The men are facing federal charges for conspiracy to distribute a controlled substance.

Synthetic Marijuana

The term “synthetic marijuana” is somewhat misleading. It refers a human-made concoction of chemicals that can be sprayed or sprinkled on dried, shredded plant material—which results in a product that closely resembles actual cannabis. Synthetic marijuana is commonly known as “spice” or “K2.” The difference, however, is in the chemicals. While they are similar to tetrahydrocannabinol (THC), the mind-altering substance in marijuana, the synthetic versions are up to 85 times more potent. Tainted products, obviously, are even more dangerous.

Get the Help You Need

The men in question were charged under federal drug distribution laws, but it is possible for those who sell or attempt to sell synthetic marijuana to face state-level charges in Illinois as well. If you or someone you love has been charged with a drug crime, contact an experienced Will County criminal defense attorney. Call 815-740-4025 for a free consultation at the Law Office of Jack L. Zaremba today.

Fentanyl Increasingly Found in Heroin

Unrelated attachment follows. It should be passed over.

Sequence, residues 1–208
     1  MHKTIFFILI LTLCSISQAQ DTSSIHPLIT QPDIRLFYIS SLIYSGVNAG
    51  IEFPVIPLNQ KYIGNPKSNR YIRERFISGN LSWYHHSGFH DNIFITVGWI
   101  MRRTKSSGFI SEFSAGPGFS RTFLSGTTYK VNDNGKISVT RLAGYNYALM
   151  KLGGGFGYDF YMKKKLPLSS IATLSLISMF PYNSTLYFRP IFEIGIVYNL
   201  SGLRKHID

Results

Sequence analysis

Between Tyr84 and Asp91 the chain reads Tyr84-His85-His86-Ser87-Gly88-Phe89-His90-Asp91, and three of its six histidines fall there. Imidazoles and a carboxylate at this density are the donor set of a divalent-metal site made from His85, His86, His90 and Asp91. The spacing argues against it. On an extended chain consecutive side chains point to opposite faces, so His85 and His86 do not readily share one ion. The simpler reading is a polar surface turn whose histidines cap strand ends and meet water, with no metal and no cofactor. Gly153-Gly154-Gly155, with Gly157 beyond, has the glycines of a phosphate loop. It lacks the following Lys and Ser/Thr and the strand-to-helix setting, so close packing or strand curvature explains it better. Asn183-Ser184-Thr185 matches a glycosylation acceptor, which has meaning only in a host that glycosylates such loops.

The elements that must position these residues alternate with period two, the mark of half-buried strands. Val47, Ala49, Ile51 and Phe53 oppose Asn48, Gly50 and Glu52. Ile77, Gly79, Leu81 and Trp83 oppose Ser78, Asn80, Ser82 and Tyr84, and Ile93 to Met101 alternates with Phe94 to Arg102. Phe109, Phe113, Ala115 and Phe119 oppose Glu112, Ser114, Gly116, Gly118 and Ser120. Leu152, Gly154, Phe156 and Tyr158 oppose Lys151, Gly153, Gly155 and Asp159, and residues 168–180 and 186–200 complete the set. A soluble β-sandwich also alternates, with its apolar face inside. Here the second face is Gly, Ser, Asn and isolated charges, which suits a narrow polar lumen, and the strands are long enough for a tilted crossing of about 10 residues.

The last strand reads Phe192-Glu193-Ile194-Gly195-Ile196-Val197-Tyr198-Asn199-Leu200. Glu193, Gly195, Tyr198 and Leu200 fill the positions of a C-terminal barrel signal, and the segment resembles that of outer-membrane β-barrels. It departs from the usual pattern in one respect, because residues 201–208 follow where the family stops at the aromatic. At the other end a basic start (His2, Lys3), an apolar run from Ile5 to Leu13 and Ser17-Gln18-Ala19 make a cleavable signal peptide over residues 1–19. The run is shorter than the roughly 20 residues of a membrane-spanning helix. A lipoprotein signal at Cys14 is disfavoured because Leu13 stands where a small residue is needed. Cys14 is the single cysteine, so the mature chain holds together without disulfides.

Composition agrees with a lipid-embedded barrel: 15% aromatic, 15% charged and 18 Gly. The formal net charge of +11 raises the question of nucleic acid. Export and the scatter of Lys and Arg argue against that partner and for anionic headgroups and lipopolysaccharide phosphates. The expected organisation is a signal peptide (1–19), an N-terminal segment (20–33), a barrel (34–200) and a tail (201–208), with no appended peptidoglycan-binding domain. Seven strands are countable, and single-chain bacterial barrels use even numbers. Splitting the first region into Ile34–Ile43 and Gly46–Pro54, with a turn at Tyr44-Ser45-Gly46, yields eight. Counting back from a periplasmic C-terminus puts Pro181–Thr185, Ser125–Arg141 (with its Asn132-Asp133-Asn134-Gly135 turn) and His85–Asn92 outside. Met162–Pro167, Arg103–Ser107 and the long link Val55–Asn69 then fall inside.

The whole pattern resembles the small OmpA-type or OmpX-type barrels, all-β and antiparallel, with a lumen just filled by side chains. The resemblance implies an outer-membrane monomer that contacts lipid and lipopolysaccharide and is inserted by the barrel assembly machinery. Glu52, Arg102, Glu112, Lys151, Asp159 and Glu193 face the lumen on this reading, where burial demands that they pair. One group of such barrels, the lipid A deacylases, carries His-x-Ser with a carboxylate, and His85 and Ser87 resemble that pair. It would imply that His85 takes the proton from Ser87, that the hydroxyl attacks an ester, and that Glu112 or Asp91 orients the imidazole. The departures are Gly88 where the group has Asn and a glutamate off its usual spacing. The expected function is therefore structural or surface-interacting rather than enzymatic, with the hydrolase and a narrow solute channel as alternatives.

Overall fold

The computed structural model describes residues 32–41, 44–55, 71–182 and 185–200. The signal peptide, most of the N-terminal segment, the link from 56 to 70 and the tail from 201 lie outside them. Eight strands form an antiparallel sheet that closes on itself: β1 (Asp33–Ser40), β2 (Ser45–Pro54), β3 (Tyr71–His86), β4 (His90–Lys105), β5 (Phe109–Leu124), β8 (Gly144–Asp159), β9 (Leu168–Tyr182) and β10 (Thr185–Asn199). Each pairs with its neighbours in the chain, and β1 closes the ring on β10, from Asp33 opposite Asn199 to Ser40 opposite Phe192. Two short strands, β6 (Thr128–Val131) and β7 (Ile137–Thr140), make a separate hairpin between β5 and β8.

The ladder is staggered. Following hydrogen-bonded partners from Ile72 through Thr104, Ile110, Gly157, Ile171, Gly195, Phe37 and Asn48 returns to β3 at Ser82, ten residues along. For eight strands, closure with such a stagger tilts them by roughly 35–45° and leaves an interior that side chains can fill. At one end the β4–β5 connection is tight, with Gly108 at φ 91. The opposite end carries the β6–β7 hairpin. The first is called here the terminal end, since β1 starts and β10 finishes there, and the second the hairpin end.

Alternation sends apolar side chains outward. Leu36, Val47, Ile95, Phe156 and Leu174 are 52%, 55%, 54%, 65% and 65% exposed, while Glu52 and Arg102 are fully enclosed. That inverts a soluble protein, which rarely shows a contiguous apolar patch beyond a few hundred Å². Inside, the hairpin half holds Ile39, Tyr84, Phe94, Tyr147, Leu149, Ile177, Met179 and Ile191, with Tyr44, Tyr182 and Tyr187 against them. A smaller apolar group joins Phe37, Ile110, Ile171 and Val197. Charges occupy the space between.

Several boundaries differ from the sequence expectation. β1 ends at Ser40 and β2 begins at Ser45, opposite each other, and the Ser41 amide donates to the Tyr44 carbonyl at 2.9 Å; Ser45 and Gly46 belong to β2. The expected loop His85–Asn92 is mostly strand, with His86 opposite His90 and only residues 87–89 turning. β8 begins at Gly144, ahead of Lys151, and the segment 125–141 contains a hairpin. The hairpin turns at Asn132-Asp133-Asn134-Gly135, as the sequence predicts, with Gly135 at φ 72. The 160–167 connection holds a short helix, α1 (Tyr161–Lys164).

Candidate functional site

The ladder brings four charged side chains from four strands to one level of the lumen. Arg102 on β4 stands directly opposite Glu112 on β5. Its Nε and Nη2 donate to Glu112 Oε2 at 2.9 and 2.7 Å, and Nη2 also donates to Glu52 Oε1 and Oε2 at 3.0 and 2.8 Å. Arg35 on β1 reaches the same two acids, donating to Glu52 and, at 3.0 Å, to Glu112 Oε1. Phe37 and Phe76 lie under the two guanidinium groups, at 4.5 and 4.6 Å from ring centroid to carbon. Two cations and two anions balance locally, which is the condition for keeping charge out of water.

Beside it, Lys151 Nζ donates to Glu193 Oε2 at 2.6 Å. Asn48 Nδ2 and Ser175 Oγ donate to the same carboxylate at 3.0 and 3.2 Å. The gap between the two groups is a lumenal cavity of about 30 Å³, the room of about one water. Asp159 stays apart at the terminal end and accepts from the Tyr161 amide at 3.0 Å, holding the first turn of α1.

Joliet heroin lawyers

The use of opioid medication and synthetic opioid drugs has become more and more problematic throughout the last few years. According to the U.S Department of Health and Human Services, 11.5 million people misused opioids in 2016 alone. Over 64,000 people died of overdosing on these powerful drugs during the same year. Often, people become addicted to opioids after being prescribed pain management pills such as Vicodin or codeine. When these pills run out, some turn to heroin to get the pain-relieving fix they crave. Heroin is often combined with the much more powerful synthetic drug fentanyl in order to increase its effectiveness. Many drug users do not realize the fentanyl content in their heroin. Unfortunately, heroin and synthetic opioid overdose deaths are rising dramatically.

Toxicology Report for Prince Showed Exceptionally High Levels of Fentanyl